Savina Monastery is a Serbian Orthodox monastery of three churches located in one of the most beautiful parts of the northern Montenegrin coast. It was founded by Stjepan Vukčić Kosača, the Duke of Saint Sava (r. 1448–1466).

The small Church of the Assumption is 10m high and 6m wide. Its foundation dates to 1030, although the oldest record of it is from 1648. Its reconstruction began in the late 17th century, with the arrival of refugee monks from Tvrdoš Monastery in Herzegovina, and it was completed in 1831.The Great Temple of the Assumption was built between the 1777 and 1799, and builder was a master Nikola Foretić from the island of Korčula.The Church of St. Sava, built by Saint Sava, located outside the monastery complex.

The monastery has a large number of relics originating from the time of the Nemanjić dynasty (relics of Empress Jelena, cross of Saint Sava), including those transferred from Tvrdoš Monastery.

References:

Comments

Your name



Address

Herceg Novi, Montenegro
See all sites in Herceg Novi

Details

Founded: 1030
Category: Religious sites in Montenegro

More Information

en.wikipedia.org

Rating

4.8/5 (based on Google user reviews)

User Reviews

Simon Poprzan (2 years ago)
Quiet and peaceful, very spiritual..
Florin Dinu (2 years ago)
We came after closing hours (8pm) and it was still opened, nobody rushed us. Parking inside.
Djordje Vicentijevic (2 years ago)
Serbian monastery with extraordenary arhitecture in a beautifull forest of Herceg Novi
Carly Tambling (2 years ago)
Cafe at the top of the hill. Very nice spot away from tourists. Pretty views.
Nizar Abazid (2 years ago)
Really gorgeous pine trees! We didn't visit the church because we were dressed like tourists, and they require long sleeves and pantaloons/skirts.
Powered by Google

Featured Historic Landmarks, Sites & Buildings

Historic Site of the week

Palazzo Colonna

The Palazzo Colonna is a palatial block of buildings built in part over ruins of an old Roman Serapeum, and has belonged to the prestigious Colonna family for over twenty generations.

The first part of the palace dates from the 13th century, and tradition holds that the building hosted Dante in his visit to Rome. The first documentary mention notes that the property hosted Cardinal Giovanni and Giacomo Colonna in the 13th century. It was also home to Cardinal Oddone Colonna before he ascended to the papacy as Martin V (1417–1431).

With his passing, the palace was sacked during feuds, and the main property passed into the hands of the Della Rovere family. It returned to the Colonna family when Marcantonio I Colonna married Lucrezia Gara Franciotti Della Rovere, the niece of pope Julius II. The Colonna"s alliance to the Habsburg power, likely protected the palace from looting during the Sack of Rome (1527).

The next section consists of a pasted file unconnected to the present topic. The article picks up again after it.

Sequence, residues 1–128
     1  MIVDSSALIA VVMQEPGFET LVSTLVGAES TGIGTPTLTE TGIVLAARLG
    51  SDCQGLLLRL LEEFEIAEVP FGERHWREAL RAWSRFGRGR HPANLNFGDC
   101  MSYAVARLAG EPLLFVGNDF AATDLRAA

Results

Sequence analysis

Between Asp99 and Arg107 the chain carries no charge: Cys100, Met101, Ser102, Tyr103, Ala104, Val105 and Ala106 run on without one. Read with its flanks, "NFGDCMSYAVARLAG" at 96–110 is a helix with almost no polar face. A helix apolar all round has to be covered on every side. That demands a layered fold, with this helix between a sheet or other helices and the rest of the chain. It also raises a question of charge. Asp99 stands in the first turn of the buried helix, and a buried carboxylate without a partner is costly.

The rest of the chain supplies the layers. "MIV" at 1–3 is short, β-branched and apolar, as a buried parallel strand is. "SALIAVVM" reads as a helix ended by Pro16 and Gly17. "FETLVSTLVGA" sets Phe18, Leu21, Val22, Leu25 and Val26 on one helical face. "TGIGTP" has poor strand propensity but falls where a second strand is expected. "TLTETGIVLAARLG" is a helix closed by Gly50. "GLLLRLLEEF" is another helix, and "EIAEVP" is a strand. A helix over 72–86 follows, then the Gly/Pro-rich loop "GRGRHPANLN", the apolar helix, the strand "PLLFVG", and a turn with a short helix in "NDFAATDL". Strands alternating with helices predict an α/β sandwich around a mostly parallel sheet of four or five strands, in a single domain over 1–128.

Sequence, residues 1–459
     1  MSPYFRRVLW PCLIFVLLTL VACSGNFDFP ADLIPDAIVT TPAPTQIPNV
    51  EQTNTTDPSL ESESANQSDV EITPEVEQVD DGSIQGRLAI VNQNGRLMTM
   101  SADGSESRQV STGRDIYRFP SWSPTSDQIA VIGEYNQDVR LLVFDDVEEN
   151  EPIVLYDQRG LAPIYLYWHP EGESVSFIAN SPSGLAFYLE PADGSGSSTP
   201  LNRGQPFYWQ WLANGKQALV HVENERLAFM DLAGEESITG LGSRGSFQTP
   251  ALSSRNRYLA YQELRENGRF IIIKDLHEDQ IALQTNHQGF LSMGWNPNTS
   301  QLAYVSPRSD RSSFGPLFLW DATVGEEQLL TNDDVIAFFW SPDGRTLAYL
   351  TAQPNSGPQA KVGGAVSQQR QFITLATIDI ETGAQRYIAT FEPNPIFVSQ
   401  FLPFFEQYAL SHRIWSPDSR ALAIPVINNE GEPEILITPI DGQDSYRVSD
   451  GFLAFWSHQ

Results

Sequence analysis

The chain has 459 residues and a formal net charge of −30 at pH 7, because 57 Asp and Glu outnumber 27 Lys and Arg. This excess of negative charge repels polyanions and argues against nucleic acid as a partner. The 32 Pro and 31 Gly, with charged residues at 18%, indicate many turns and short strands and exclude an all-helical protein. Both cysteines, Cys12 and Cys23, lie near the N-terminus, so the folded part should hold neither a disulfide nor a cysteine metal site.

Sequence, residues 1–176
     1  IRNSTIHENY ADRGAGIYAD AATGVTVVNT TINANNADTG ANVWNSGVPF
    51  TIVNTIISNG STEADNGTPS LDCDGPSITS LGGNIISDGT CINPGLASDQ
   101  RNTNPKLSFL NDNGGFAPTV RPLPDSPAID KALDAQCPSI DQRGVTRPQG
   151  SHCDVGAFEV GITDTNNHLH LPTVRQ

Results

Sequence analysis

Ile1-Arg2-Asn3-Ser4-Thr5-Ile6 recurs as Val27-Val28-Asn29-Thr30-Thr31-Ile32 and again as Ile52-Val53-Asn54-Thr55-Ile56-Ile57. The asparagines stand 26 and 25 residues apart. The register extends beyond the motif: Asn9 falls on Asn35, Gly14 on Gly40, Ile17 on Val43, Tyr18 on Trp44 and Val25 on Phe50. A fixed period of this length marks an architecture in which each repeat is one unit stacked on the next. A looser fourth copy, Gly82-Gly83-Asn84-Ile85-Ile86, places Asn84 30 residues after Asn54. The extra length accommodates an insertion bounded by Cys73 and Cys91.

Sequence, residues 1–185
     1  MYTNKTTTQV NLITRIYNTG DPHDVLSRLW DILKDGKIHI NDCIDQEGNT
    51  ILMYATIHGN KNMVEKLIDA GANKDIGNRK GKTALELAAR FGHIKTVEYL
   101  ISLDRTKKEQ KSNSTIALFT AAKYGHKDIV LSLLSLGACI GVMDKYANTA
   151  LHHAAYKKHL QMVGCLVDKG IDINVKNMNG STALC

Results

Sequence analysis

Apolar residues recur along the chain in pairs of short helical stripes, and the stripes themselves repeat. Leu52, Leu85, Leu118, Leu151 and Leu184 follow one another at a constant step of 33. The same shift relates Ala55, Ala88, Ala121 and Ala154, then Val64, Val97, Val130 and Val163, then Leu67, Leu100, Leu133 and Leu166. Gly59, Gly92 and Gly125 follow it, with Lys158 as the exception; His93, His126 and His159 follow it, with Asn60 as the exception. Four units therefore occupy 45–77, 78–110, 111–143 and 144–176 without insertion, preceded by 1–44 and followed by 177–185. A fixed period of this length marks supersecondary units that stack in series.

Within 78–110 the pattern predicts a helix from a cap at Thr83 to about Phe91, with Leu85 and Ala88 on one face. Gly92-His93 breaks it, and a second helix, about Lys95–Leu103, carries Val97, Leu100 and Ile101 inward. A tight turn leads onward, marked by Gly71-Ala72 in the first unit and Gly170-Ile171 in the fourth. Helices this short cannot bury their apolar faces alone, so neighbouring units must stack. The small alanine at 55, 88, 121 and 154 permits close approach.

Starting with Filippo Colonna (1578–1639) many changes have refurbished and create a unitary complex around a central garden. Architects including Girolamo Rainaldi and Paolo Marucelli labored on specific projects. Only in the 17th and 18th centuries were the main facades completed. Much of this design was completed by Antonio del Grande (including the grand gallery), and Girolamo Fontana (decoration of gallery). In the 18th century, the long low facade designed by Nicola Michetti with later additions by Paolo Posi with taller corner blocks (facing Piazza Apostoli) was constructed recalls earlier structures resembling a fortification.

The main gallery (completed 1703) and the masterful Colonna art collection was acquired after 1650 by both the cardinal Girolamo I Colonna and his nephew the Connestabile Lorenzo Onofrio Colonna and includes works by Lorenzo Monaco, Domenico Ghirlandaio, Palma the Elder, Salviati, Bronzino, Tintoretto, Pietro da Cortona, Annibale Carracci (painting of The Beaneater), Guercino, Francesco Albani, Muziano and Guido Reni. Ceiling frescoes by Filippo Gherardi, Giovanni Coli, Sebastiano Ricci, and Giuseppe Bartolomeo Chiari celebrate the role of Marcantonio II Colonna in the battle of Lepanto (1571). The gallery is open to the public on Saturday mornings.

The older wing of the complex known as the Princess Isabelle"s apartments, but once housing Martin V"s library and palace, contains frescoes by Pinturicchio, Antonio Tempesta, Crescenzio Onofri, Giacinto Gimignani, and Carlo Cesi. It contains a collection of landscapes and genre scenes by painters like Gaspard Dughet, Caspar Van Wittel (Vanvitelli), and Jan Brueghel the Elder.

Along with the possessions of the Doria-Pamphilij and Pallavacini-Rospigliosi families, this is one of the largest private art collections in Rome.